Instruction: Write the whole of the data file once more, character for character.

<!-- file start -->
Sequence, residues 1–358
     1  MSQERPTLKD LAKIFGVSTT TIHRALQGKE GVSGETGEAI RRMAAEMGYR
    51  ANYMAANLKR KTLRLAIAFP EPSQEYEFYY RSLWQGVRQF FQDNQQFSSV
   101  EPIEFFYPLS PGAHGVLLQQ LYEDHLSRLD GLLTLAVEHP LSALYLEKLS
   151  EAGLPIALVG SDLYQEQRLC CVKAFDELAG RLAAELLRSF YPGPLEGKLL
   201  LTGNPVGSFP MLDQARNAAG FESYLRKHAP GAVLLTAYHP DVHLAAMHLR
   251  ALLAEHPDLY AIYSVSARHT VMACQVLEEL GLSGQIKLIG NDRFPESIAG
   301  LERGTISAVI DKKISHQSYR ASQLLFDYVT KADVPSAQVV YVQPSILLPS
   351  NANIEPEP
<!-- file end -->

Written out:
Sequence, residues 1–358
     1  MSQERPTLKD LAKIFGVSTT TIHRALQGKE GVSGETGEAI RRMAAEMGYR
    51  ANYMAANLKR KTLRLAIAFP EPSQEYEFYY RSLWQGVRQF FQDNQQFSSV
   101  EPIEFFYPLS PGAHGVLLQQ LYEDHLSRLD GLLTLAVEHP LSALYLEKLS
   151  EAGLPIALVG SDLYQEQRLC CVKAFDELAG RLAAELLRSF YPGPLEGKLL
   201  LTGNPVGSFP MLDQARNAAG FESYLRKHAP GAVLLTAYHP DVHLAAMHLR
   251  ALLAEHPDLY AIYSVSARHT VMACQVLEEL GLSGQIKLIG NDRFPESIAG
   301  LERGTISAVI DKKISHQSYR ASQLLFDYVT KADVPSAQVV YVQPSILLPS
   351  NANIEPEP